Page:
by Terrance Mc Arthur
There’s an old saying, “I like radio better than television because the pictures are better.” Radio was theatre that happened in your brain, not your eyes. The Good Company Players’ 2nd Space Theatre recaptures that world of audio entertainment with It’s a Wonderful Life: a live radio play, performing through December 18.
The voyage begins in the 2nd Space lobby, decorated for the holiday. Theatre staff are dressed in period outfits, including meticulously-curled hairstyles, brushed and brushed and rebrushed. The audience finds themselves in the studios of WBFR in New York City, on a snowy Christmas Eve in the 1940s. Radio actors talk to the crowd about the weather and how much fun the evening will be. Suddenly, airtime arrives, and the genial group of nine onstage becomes an ensemble of 50, slipping from role to role with practiced ease.
The Joe Landrey adaptation generally follows the 1946 Frank Capra film, but director Denise Graziani was smart enough not to try for vocal imitations of Jimmy Stewart and Lionel Barrymore. Close your eyes and imagine your own pictures of the characters, or leave them open and watch the fun.
Aaron Gomes handles the George Bailey (Jimmy Stewart) role, a young man with dreams of doing great things who wishes he’d never been born. His less-frantic approach lets you appreciate the building frustration as George pushes aside his plans for the needs of others…and for love.
Jennifer Goettsch amazed me as an overbearing antinanny in Mary Poppins in Clovis. Here, she is maternal and gentle as George’s mother, brassily sexy as the sort-of-bad girl Violet, and an all-around useful set of voices. Max Debbas can be sly, sinister, and devious as the money-grubbing Mr. Potter, who owns most of the town, but can’t seem to take over the little building & loan that George tries to keep afloat, yet he waxes heavenly as Joseph, who sends an angel to help George.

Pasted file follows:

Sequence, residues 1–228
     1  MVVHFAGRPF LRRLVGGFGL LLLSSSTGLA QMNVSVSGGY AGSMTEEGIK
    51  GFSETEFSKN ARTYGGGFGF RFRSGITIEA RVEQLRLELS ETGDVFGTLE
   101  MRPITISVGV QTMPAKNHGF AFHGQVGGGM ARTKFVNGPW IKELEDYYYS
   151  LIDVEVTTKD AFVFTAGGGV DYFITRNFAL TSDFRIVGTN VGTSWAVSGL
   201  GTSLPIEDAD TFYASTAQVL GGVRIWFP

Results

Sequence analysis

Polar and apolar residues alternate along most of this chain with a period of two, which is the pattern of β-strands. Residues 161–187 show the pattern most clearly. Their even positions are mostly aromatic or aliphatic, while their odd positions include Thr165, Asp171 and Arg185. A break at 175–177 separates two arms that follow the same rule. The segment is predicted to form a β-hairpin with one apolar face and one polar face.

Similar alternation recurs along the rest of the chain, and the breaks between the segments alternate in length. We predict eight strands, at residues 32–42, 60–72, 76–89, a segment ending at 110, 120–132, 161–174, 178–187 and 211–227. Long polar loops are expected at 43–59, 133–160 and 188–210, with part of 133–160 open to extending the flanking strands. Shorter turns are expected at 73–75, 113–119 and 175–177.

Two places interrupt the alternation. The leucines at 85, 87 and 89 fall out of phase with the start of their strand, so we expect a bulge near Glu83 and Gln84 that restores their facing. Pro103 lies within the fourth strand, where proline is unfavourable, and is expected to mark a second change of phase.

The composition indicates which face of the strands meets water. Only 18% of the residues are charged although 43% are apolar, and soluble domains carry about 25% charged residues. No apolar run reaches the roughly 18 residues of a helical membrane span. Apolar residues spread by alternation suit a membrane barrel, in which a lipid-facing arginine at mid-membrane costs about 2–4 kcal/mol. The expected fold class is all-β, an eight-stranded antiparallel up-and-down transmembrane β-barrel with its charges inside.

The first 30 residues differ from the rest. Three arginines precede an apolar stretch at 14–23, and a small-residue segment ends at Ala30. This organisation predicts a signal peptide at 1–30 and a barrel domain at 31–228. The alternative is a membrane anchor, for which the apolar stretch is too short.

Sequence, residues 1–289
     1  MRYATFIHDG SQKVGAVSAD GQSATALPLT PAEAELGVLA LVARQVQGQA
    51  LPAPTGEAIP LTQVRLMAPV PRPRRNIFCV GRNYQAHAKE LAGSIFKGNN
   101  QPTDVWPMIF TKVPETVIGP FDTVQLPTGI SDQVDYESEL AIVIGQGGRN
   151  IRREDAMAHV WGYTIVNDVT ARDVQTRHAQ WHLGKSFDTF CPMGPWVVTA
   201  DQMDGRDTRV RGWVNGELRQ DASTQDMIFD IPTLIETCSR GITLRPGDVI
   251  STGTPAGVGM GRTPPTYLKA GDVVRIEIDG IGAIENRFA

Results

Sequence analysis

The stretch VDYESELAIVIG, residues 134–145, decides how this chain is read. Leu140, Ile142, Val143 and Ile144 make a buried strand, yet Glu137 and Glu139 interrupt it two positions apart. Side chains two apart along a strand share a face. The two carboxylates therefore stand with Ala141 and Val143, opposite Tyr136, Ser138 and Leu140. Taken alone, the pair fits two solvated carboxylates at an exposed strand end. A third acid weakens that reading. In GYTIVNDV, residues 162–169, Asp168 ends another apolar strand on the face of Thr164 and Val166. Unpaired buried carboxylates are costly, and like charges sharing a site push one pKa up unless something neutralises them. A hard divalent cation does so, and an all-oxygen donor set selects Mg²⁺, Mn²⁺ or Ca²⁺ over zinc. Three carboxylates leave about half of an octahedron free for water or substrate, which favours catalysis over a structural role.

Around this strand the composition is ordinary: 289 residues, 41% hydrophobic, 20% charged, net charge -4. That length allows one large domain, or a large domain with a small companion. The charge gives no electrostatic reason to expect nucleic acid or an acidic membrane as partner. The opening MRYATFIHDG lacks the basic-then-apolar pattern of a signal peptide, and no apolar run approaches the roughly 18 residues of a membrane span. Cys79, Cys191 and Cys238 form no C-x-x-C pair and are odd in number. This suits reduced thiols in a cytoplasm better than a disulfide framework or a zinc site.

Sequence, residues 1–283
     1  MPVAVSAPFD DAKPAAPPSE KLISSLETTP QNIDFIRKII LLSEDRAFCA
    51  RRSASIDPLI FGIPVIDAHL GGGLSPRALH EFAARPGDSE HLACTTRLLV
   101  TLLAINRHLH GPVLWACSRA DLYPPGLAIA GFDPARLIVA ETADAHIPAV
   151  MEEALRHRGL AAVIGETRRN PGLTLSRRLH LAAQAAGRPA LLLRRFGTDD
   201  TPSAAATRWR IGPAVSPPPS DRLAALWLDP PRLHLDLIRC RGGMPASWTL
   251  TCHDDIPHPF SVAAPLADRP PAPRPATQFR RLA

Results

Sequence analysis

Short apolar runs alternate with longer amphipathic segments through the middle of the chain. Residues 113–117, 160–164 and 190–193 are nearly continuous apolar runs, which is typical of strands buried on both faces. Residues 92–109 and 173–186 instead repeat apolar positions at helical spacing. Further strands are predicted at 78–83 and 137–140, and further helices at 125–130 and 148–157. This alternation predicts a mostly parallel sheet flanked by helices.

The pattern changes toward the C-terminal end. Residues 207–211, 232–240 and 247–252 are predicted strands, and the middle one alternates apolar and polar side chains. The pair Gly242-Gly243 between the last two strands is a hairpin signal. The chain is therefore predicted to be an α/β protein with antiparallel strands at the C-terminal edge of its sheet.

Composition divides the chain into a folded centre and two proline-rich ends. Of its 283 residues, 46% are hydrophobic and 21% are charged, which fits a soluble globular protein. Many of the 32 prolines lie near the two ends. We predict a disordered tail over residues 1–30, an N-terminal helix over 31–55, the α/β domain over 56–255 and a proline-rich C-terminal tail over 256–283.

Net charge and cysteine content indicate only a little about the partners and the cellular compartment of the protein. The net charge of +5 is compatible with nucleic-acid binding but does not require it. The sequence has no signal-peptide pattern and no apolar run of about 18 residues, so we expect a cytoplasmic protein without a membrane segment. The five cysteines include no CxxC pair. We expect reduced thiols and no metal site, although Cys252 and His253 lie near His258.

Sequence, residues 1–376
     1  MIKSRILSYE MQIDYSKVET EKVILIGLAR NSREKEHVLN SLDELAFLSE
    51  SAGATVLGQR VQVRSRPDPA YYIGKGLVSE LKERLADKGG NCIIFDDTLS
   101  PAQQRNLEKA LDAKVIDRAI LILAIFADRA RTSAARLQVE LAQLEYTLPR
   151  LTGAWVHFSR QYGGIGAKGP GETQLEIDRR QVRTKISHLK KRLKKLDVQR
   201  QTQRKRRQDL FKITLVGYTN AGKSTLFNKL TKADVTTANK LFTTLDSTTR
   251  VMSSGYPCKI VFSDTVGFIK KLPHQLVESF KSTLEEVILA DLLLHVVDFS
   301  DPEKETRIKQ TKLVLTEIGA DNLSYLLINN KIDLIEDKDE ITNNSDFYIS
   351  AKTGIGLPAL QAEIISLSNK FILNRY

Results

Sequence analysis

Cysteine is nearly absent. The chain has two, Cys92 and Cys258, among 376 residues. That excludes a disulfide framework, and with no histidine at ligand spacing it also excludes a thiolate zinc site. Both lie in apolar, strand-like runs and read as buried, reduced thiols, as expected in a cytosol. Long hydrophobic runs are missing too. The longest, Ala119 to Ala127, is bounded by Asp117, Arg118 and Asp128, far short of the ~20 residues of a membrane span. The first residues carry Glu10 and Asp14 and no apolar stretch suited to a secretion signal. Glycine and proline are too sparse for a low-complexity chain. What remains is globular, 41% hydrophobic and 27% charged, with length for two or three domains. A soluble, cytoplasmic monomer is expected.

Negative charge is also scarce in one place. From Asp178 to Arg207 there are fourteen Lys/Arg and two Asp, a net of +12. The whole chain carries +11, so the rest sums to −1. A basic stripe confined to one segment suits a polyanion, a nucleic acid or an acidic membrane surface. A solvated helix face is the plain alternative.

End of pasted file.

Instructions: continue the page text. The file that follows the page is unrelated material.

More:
That angel, Clarence, is performed by Sterling Chase Stubblefield, recently seen in I Hate Hamlet. He also doubles as the station announcer, with a wry attitude and good looks. Imagine Max Casella from Doogie Howser, M. D., and you have a close approximation of Junior Company member Jonathan Aguirre, who serves as George’s younger brother, and local cabbie Ernie with a generous taste of Brooklyn.
Sarah Mugridge is childlike as Zuzu, George’s youngest child, small-town friendly in other parts, and she does a great crying baby imitation. Bryan Beckstrand is high-principled as George’s father and bumbling/charming as George’s Uncle Billy.
Tying all the characters into a whole is a challenge met by Ginger Kay Lewis-Reed’s period costumes and the live sound effects created by Kyle W. Jensen and some cast members. You can hear the crunch of footsteps in snow, but what you see is something else entirely.
We know the story of It’s a Wonderful Life, and most of us have seen it over and over again, but presenting it as a live radio show, complete with singing commercials, adds a new layer to it. Bundle up against the imaginary cold of the theatre, and hustle down to the 2nd Space, 928 E. Olive Avenue in Fresno for a cup of audio cheer that will make your holiday spirits soar. More info can be found, and tickets can be purchased, on their website.
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